On top of the onslaught brought by COVID-19, hospitals faced yet another challenge this year: ransomware.
On Oct. 28, the FBI, DHS and Department of Health and Human Services alerted healthcare providers of an expected uptick in ransomware attacks, particularly from the Ryuk and Conti strains.
For Indiana-based Rush Memorial Hospital's IT and security organization, the alert was nothing more than a threat already seen "through the grapevine where it's not as public," said Jim Boyer, VP of information technology and CIO of Rush Memorial Hospital. "We've seen alerts like this over and over again."
Ransomware requires organizations to look beyond the threat and act like the infection already occurred. Depending on the strain, the ability to initiate a backup, and the quality of it, will define how smoothly an organization will recover. Rebooting computers following ransomware could actually boost the malware's infection rate. But some ransomware is more methodically designed, and takes it time to scope out the victim network. This is the case of Ryuk.
"I'd like to believe that it would never happen to us, but, knock wood, as soon as I say that, you know it's going to happen," said Dan Matney, director of Information Services at Rush Memorial Hospital.
Ransomware is succeeding
By the time the Ryuk alert was issued, Rush Memorial had at least two risk mitigation measures: improved backup as a service (BaaS) and a systems engineer with a plan to evade further infection from phishing attacks.
The engineer wrote policies for the hospital's computers saying they can only run a certain number of applications, and if they didn't match with a specified executable name, it cannot execute Command Prompt.
What Rush Memorial did was one tactic to lessen the reliance on the end user's cyber hygiene. It took the "decision" part out of a phishing scenario. It most closely aligns with the people aspect of "people, process and procedure" security strategies, said Matney.
The ransomware holds backups hostage, upending the possibility of an easy recovery. "You go to backups, and the backups already have the bad code on them," said Liz Mann, EY Americas Health and Life Sciences Cybersecurity leader. "Every successful landing of a ransomware attack hurts the entire industry."
"One of the things that [EY tries] to do is not leave the controls in the hands of our end users," said Mann. It's one of the reasons ransomware is so pervasive because they are the ones who judge an email's validity. "You can be successful a lot of the time but you're not going to be completely successful."
The engineer's policies are so strict that even Rush Memorial's administrative IT staff don't have that ability, said Matney. "We have to manually go in, request that access type in a password to get to that level. So being able to lock that down to those very specific applications gave us a huge safety net that others don't have."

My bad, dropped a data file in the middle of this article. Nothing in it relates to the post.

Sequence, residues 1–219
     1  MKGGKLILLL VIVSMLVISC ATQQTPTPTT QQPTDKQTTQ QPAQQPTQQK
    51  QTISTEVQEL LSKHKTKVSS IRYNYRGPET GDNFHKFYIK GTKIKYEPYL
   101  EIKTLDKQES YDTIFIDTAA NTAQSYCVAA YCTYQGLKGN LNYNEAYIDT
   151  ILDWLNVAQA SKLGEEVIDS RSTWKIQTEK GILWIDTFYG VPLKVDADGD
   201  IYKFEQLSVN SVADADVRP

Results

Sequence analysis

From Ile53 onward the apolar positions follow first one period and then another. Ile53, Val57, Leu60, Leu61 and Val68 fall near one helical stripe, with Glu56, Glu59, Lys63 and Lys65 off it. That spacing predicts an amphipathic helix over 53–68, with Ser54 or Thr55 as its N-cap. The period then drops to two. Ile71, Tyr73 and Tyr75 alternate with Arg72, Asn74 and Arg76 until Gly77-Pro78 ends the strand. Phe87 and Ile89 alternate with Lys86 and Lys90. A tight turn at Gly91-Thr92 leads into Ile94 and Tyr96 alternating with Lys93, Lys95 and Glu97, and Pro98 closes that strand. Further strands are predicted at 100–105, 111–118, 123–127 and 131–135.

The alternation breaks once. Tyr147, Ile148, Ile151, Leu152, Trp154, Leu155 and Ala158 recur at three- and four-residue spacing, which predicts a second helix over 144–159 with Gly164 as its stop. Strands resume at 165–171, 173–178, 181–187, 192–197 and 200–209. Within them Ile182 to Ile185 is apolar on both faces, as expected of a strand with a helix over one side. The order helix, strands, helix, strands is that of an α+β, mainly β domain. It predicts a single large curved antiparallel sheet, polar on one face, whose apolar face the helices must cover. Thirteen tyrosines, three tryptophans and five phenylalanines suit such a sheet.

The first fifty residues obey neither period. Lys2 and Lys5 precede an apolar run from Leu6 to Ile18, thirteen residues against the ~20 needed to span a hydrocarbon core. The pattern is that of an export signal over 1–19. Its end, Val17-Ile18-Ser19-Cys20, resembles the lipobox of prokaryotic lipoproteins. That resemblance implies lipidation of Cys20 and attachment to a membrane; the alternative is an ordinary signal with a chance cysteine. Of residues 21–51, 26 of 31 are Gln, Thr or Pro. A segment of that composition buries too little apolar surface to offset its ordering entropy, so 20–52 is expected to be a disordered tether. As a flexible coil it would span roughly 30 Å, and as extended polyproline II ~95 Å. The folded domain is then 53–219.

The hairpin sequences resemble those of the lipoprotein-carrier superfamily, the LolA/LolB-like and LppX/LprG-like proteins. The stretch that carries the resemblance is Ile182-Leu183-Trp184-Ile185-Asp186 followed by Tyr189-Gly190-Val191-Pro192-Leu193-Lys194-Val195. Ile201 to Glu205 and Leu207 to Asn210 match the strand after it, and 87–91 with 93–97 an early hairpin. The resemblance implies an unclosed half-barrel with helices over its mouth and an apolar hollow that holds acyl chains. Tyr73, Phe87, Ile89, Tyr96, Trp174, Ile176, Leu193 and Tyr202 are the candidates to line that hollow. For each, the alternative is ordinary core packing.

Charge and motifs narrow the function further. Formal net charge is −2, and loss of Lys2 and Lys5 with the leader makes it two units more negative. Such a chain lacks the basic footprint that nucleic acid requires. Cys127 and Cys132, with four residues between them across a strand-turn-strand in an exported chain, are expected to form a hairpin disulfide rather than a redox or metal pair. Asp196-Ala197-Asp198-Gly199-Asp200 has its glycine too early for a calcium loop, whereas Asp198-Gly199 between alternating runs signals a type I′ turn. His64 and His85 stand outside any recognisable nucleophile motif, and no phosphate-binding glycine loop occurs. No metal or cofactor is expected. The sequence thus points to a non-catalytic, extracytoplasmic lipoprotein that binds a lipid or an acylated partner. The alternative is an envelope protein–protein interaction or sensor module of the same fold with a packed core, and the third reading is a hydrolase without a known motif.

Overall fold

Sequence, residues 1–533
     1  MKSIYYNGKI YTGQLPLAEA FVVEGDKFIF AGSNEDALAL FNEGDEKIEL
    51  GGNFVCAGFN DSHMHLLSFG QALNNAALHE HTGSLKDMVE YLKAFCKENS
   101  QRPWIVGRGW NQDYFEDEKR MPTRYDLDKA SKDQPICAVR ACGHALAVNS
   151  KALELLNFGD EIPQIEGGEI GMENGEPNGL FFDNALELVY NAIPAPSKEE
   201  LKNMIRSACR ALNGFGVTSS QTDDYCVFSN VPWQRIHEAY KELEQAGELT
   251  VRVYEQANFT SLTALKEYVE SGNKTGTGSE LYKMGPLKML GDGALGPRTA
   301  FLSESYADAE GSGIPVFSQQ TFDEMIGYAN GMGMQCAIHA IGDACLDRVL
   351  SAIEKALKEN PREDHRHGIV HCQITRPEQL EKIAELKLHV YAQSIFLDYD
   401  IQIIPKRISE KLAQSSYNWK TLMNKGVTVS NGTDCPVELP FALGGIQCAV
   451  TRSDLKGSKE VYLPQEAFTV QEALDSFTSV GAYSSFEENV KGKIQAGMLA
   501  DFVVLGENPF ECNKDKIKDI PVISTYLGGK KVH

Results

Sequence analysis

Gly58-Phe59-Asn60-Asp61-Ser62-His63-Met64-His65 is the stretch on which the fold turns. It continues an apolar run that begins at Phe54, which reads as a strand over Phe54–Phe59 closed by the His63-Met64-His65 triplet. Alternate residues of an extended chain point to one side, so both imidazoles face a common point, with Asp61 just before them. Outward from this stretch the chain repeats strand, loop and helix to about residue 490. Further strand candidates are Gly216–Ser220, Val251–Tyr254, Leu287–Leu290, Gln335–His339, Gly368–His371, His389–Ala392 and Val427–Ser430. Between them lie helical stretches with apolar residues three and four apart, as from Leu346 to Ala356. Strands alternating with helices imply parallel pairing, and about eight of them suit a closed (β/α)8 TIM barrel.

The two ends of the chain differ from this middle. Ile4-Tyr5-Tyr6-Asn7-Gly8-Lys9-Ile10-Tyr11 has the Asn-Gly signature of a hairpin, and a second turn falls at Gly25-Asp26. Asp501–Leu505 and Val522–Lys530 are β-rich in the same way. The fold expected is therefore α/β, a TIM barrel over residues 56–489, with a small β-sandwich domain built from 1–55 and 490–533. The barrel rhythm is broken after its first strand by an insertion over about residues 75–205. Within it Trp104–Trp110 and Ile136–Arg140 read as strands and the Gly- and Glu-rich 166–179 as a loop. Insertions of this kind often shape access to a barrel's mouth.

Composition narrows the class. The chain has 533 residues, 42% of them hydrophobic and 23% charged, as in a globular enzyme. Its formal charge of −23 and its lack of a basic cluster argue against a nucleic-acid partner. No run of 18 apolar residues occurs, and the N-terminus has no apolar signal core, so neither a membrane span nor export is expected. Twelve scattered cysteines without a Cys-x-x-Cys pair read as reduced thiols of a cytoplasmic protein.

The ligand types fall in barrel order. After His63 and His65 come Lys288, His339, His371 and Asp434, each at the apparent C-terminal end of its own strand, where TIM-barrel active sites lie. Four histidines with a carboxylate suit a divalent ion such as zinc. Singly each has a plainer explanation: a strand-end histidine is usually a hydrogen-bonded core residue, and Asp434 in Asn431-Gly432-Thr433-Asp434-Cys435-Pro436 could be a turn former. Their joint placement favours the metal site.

The strategy is sound enough, though it's admittedly inconvenient, said Matney.
Segmenting and filtering can prevent users from deciding the entire organization's fate in a phishing email. It's just one of the ways security teams can insulate their end users from having threats land on their desks, said Mann.
This month, a Rush Memorial IT personnel working on a simple mail transfer protocol server found a managed security service provider had detected an executable and issued an alert. Matney, aware of the situation, said to whitelist the executable.
"Without even having a conversation, we're already getting alerts from eyes on glass," said Boyer. The worry would only kick in if the team told Boyer "we don't know what this is!"
Rush Memorial's team expects intrusions, what has changed is how it responds to them. "I tell my team all the time, 'One day it's going to happen.' But when they're in the network, how are we going to isolate that damage?" said Boyer.
Ryuk loves backups
Ransomware has challenged traditional methods of backups for years. The moment a ransom note appears is not the time to question the reliability of a backup.
In Matney's experience with managed service providers, physical storage allowed him to restore data during four different ransomware attacks. And in a year where so much of the workforce is working remotely, that kind of backup storage required on-premise access with a hard drive to transfer the dataset. However, the air gap, while effective in safeguarding data, left intervals in what data was saved.
"I cringe thinking about recovering from a ransomware attack from the previous things that we have done," said Matney. The hospital adopted Clumio as its BaaS provider.
Other services reliant on an online "vault" would not suffice if met with Ryuk. The ".bat" file Ryuk drops tries to delete all backup files and Windows' Volume Shadow Copies, according to the Cybersecurity & Infrastructure Security Agency (CISA).
After sitting dormant, compromising the backup is one of Ryuk's first actions. After that, the ransomware commandeers administrative controls of a network to wreak the havoc they can. Moving backups off-premise leaves "nothing for them to find," said Matney. If Ryuk were to strike Rush Memorial, "we know that we're not going to lose any more than four hours of data, that's it."
At the same time, Rush Memorial is relying on a vendor to ensure a healthy backup, Boyer warned other hospital CIOs not to place too much trust in their vendors. "I don't care if it's your own employees, you have to establish systems that are going to bond that trust," he said.